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JVC GR-HD1U / JY-HD10U
All about the original single-CCD HDV camcorders from JVC.


 
 
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Old July 13th, 2005, 10:03 PM   #16
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Quick Note!

Yes, this camera requires a lot of light. But, when it has it, then it is really good!

Have fun,

Mike
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Old July 14th, 2005, 12:43 AM   #17
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Play with exposure settings and leave shutter speed alone untill you are very experienced. Adjust exposure to your liking and make sure there are no auto AE setiings messing with your setup and you should be good to go. Low shutter will give you better light, thats why the cam always reverts to 1/30th in HD. If you take the time to learn the cam you will enjoy it. There is a learning curve. Good luck!
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Old July 14th, 2005, 08:35 AM   #18
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I understand theres a learning curve to this cam. However, no matter what the exposure is at, even at +10L, I am not getting my original dark output resolved.

So, indoors, a bright light source is always needed.
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Old July 14th, 2005, 11:29 AM   #19
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Allen do you want to get to the bottom of this? Give me some feedback on the questions I ask you and we should be able to figure this out. Hang in there!
Are you saying the exposure control has no effect at all?
Hook it up to the TV then test the exposure controll so you can tell from the live feed what works and what doesn't.
Are you sure you have no AE presets enabled?
Backlight compensation is not selected?
Are you in A or M mode? Make it "M"
Do not touch or sellect anything to do with shutter!
Press the exposure button and rotate slowly. Should be a lot easier to notice these changes viewing on the TV.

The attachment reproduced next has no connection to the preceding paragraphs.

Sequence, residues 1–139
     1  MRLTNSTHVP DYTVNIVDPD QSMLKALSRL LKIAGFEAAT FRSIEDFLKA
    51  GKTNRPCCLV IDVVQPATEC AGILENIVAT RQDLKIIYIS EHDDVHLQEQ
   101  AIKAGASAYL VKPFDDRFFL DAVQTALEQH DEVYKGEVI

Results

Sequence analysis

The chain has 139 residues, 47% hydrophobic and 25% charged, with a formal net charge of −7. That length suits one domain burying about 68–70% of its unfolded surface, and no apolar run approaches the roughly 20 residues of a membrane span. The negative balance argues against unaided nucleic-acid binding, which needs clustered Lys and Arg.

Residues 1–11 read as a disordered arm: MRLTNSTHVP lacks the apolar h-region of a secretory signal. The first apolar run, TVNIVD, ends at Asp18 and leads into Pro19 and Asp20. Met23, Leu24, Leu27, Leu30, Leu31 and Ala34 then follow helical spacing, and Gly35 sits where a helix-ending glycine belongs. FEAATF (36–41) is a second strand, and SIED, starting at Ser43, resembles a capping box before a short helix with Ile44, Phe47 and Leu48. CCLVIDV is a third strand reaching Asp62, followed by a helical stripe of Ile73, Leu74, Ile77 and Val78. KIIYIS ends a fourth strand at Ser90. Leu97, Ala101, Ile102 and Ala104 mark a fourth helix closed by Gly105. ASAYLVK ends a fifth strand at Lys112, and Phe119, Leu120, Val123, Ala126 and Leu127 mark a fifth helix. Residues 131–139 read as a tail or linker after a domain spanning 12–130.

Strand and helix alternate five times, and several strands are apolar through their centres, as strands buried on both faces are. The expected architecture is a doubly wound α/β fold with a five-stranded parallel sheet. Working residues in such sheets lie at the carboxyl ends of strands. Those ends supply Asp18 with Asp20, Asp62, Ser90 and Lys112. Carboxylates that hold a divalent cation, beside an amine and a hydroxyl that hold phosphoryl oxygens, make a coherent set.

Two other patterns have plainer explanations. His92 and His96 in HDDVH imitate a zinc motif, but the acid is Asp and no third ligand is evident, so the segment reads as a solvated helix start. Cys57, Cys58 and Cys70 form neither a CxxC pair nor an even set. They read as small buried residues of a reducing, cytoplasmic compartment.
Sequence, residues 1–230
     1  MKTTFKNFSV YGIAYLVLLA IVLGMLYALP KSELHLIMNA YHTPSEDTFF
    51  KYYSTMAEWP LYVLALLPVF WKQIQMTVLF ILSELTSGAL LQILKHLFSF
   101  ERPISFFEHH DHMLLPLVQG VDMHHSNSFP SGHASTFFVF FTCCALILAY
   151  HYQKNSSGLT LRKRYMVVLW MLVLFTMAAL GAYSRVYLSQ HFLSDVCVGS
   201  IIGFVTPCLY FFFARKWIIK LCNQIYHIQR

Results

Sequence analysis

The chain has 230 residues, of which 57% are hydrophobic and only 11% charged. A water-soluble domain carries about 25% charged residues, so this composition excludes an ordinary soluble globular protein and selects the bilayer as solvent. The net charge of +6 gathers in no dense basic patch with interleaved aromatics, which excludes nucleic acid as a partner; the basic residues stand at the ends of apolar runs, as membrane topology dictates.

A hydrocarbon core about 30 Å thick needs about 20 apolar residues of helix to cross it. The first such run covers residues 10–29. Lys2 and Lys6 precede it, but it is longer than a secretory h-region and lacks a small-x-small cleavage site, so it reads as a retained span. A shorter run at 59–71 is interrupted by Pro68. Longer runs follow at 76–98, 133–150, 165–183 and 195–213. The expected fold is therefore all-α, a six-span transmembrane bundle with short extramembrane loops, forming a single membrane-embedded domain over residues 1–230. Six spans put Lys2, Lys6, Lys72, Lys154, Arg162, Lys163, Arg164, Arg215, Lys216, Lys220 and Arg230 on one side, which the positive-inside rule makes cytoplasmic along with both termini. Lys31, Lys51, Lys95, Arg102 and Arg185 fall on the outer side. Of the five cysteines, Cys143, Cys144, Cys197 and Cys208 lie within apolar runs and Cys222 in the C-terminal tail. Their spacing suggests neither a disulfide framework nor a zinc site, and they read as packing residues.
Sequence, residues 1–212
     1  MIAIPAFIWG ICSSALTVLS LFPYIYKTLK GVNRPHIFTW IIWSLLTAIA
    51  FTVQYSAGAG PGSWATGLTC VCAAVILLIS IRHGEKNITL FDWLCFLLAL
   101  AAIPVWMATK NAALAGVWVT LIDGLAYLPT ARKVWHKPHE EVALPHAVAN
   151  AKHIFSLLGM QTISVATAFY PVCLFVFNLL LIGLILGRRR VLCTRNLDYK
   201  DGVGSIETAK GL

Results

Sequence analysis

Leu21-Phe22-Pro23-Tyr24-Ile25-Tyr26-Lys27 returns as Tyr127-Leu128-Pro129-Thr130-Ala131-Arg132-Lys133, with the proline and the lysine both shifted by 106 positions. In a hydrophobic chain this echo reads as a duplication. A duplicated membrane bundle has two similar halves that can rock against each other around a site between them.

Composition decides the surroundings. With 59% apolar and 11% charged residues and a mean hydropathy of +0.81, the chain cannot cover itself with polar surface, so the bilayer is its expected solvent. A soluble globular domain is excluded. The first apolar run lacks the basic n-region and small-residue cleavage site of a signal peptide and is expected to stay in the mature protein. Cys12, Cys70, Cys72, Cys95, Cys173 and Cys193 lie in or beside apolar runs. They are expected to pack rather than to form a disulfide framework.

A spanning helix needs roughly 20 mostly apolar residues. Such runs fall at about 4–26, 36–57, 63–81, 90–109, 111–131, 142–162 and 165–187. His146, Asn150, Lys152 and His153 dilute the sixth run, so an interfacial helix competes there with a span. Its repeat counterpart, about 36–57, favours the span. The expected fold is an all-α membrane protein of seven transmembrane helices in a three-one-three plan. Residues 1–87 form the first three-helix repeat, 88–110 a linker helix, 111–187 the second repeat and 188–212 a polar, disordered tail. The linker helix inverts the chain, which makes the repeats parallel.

Any change at all?
Lets go from there.
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Old July 14th, 2005, 03:53 PM   #20
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>Are you saying the exposure control has no effect at all?

Correct. From my observation and the thread about exposure lock, I'm not sure how this will help me in indoor shoots?

>Hook it up to the TV then test the exposure controll so you can tell from the live feed what works and what doesn't.

I believe I tried this and saw that when I jog the exposure dial from 0 to +10, no changes occur in the image on TV or on the LCD.

>Are you sure you have no AE presets enabled?

None. Always off.

>Backlight compensation is not selected?

Not selected. I tried this also and saw no difference on the LCD or VF. I didnt try the TV monitor. This is the same as the exposure test, it didnt change anything for me.

>Are you in A or M mode? Make it "M"

Manual for all indoor and outdoor tests.

>Do not touch or sellect anything to do with shutter!

I'm off the shutter. Can't play with exposure when I have shutter locked. So I pushed the shutter button until it disappeared.

>Press the exposure button and rotate slowly. Should be a lot easier to notice these changes viewing on the TV.
Any change at all?